An ongoing exhibition of 28 photographs of Maharajas in the early 20th century hark back to a time when the art form was nudging aside painting as a means to capture people's likenesses
At the ongoing exhibition 'A Journey into the time of Maharajas' at the art gallery ICIA House, a collection of 28 portraits of Maharajas in India during early 20th century, one photograph stands out amongst the rest. While all other photographs, given the period they were taken in, are black and white, one is in bright colours. Maharana Fateh Singh of Udaipur sits on a golden chair, his jet black robe and tuft of grey beard providing a striking visual contrast. There is also the red flooring, the green wall and the dark green curtain behind. Only when you take a closer look, will you realise that this is no colour photograph, but a black and white one that has been painted upon.
Raj Sahib of Dhrangadra
And this is exactly what makes this exhibition fascinating. The exhibition's subject is not so much the raja, as that particular period in Indian history when photography was slowly emerging as an art form and, in the case of the rajas, an alternative to the paint brush in capturing him in his grandeur.
Maharana Singh of Udaipur
However, photography was still at a nascent stage in the country, and to keep the Maharajas happy, patrons of the art painted many of the black and white portraits, so as to appeal to the subject's demands for vibrant palettes. In the collection, there are four photographs, which have been painted upon.
Raj Sahib of Dhrangadra
Unlike the photo of Maharana Fateh Singh which has completely been painted upon, the other three have only light touch ups, to enhance certain details. For instance, in the photograph of Maharaja Brijraj Singh of Kota, the curtain behind the subject has been touched upon to bring out its detail.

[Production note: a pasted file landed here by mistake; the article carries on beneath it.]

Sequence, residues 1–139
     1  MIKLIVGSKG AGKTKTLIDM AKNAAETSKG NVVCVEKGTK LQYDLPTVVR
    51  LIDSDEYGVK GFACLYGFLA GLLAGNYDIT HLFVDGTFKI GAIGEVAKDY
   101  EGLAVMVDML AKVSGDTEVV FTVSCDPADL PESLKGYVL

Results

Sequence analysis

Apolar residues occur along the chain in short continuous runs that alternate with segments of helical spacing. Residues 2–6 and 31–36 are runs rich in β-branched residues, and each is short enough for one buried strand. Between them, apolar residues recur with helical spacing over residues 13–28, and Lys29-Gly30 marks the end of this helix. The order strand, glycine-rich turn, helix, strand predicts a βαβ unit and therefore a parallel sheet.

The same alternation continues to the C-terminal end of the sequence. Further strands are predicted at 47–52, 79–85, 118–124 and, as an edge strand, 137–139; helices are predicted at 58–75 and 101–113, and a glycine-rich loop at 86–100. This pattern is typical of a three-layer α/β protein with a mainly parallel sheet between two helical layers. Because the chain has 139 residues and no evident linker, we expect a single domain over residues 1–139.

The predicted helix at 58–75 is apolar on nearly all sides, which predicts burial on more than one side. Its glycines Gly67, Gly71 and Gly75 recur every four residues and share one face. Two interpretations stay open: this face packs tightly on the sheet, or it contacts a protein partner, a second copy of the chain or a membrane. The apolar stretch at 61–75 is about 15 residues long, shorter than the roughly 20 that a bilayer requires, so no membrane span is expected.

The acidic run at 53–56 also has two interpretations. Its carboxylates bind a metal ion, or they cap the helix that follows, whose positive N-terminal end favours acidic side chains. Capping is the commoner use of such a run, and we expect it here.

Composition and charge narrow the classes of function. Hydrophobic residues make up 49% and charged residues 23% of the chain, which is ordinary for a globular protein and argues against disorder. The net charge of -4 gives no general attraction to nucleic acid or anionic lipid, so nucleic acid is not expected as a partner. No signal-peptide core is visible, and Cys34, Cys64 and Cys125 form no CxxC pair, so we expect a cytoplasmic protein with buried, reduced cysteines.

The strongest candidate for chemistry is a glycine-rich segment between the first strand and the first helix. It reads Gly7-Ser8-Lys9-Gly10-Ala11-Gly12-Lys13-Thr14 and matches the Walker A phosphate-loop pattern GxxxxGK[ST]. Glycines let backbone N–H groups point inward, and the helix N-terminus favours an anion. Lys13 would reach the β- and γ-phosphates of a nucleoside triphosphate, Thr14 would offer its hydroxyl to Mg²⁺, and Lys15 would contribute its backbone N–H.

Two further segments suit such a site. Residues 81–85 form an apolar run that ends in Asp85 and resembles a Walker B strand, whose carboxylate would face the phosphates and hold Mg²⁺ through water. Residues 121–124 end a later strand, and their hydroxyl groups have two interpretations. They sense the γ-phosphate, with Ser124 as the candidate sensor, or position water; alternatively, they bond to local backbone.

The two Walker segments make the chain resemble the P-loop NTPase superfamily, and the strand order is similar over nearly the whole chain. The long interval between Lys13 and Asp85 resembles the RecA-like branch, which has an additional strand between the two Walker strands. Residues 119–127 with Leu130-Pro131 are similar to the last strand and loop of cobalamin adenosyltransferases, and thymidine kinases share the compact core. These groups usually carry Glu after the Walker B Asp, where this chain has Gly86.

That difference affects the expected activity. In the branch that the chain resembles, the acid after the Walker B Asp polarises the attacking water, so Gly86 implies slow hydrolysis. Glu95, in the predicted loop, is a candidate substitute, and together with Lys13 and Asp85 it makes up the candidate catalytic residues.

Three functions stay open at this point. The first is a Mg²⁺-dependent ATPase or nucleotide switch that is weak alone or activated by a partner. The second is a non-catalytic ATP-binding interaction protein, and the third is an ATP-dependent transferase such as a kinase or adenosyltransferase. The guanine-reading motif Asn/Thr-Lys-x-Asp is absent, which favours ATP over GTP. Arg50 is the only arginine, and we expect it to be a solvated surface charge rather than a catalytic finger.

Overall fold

Nathaniel Gaskell, Director and Art Curator, Tasveer Arts, which is organising the exhibition along with Vacheron Constantin, says, "Photography was undergoing an interesting moment in India in those times. It arrived in the country within a few months of the invention of the paper negative (in England in 1839). Many commercial studios had popped up in major cities, whilst nomadic 'photo booths' travelled to the bazaars of smaller towns."
According to Gaskell, these studios began producing photographic portraits of India's prosperous mercantile and professional classes, and those of Maharajas and princes. By the beginning of the twentieth century, portriature in India was undergoing great change, whereby the camera, not the brush, was becoming the tool of choice for capturing people's likenesses.
"Photos like these, of kings and princes from those times, are spread out across the world, in galleries, auction houses and people's homes. No one has seen such a large number under one roof," says Gaskell.
At: ICIA House, 22 / 26, K Dubhash Marg, Kala Ghoda
Till: October 29